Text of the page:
Shaping in plant cells

Curr Opin Plant Biol. 2001 Dec;4(6):540-9. doi: 10.1016/s1369-5266(00)00213-2.


Plant cells adopt a diversity of different shapes that are adapted to their specific functions. Central to the development of specialised form is the modification of cell-wall composition and organisation. A number of recent papers emphasise the importance of the cell wall to cell shaping, in the definition of both localised regions that are expandable and regions that are more resistant to mechanical forces. The organisation and activity of the cytoskeleton, and the activity of signalling pathways, are also essential in defining regions of the cell wall that will grow and those that will not. Although turgor has long been assumed to be a rather passive contributor to cell shaping, recent reports show that, in some cells, differential changes in turgor may have a role in establishing specialised cell form.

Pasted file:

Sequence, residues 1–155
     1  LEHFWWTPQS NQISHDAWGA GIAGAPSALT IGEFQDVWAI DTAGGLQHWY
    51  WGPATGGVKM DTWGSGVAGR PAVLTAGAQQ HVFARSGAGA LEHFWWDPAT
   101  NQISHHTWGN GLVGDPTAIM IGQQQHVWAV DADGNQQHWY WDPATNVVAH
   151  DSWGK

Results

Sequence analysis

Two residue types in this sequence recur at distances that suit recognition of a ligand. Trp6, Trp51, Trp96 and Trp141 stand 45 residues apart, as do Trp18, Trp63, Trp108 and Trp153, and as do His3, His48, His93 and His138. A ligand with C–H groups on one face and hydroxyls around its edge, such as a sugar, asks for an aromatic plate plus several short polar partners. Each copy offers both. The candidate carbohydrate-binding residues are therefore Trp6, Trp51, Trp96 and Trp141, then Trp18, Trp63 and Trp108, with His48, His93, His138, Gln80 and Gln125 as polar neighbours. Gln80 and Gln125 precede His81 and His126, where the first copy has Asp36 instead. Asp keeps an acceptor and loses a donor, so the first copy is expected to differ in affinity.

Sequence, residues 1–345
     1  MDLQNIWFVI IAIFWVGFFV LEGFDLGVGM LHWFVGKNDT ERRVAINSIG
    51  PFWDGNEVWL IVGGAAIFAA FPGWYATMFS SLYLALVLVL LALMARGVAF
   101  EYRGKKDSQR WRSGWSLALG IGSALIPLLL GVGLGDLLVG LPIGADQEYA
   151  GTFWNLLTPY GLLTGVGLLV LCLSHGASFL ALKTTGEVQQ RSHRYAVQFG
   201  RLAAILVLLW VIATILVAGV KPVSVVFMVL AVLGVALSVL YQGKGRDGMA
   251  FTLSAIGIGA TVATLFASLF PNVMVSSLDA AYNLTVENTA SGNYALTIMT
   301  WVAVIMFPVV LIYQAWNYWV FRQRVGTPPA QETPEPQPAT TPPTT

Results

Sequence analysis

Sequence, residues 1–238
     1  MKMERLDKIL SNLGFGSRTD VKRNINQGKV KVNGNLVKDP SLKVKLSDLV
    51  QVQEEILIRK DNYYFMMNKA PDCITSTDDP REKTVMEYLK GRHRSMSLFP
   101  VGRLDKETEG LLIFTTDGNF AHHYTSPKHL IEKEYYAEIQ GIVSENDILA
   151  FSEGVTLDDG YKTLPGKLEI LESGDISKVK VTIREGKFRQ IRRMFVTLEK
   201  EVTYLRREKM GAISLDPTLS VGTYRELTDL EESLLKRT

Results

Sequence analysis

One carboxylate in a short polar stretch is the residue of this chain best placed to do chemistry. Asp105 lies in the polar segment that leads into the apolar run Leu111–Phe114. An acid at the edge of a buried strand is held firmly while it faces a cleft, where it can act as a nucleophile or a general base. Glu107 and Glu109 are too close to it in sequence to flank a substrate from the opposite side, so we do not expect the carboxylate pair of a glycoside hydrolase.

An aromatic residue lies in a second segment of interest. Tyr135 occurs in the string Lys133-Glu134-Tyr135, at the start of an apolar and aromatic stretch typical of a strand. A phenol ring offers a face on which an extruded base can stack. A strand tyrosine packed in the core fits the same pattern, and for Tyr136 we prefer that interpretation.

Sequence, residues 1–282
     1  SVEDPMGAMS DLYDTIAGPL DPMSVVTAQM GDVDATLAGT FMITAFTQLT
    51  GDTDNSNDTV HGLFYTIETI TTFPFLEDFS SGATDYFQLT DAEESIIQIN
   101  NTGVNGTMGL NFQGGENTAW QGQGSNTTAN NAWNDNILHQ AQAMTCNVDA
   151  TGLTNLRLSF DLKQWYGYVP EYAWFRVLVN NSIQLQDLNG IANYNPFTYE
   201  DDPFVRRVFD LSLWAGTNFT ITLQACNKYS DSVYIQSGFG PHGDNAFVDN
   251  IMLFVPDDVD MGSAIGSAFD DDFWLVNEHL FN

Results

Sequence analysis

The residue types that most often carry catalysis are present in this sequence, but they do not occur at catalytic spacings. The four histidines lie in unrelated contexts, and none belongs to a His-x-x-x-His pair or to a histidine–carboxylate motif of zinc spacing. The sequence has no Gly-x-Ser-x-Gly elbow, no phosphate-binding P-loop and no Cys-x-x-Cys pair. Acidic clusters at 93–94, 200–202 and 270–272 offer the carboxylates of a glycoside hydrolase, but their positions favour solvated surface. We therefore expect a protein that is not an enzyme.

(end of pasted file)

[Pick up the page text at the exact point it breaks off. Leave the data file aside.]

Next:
Publication types

  • Review

MeSH terms

  • Cell Size / genetics
  • Cell Wall / physiology
  • Cell Wall / ultrastructure
  • Cytoskeleton / physiology*
  • Cytoskeleton / ultrastructure
  • Magnoliopsida / cytology*
  • Meristem / growth & development
  • Microtubule-Associated Proteins / physiology*
  • Plant Epidermis / growth & development
  • Plant Structures / cytology
  • Signal Transduction
  • Water / metabolism


  • Microtubule-Associated Proteins
  • Water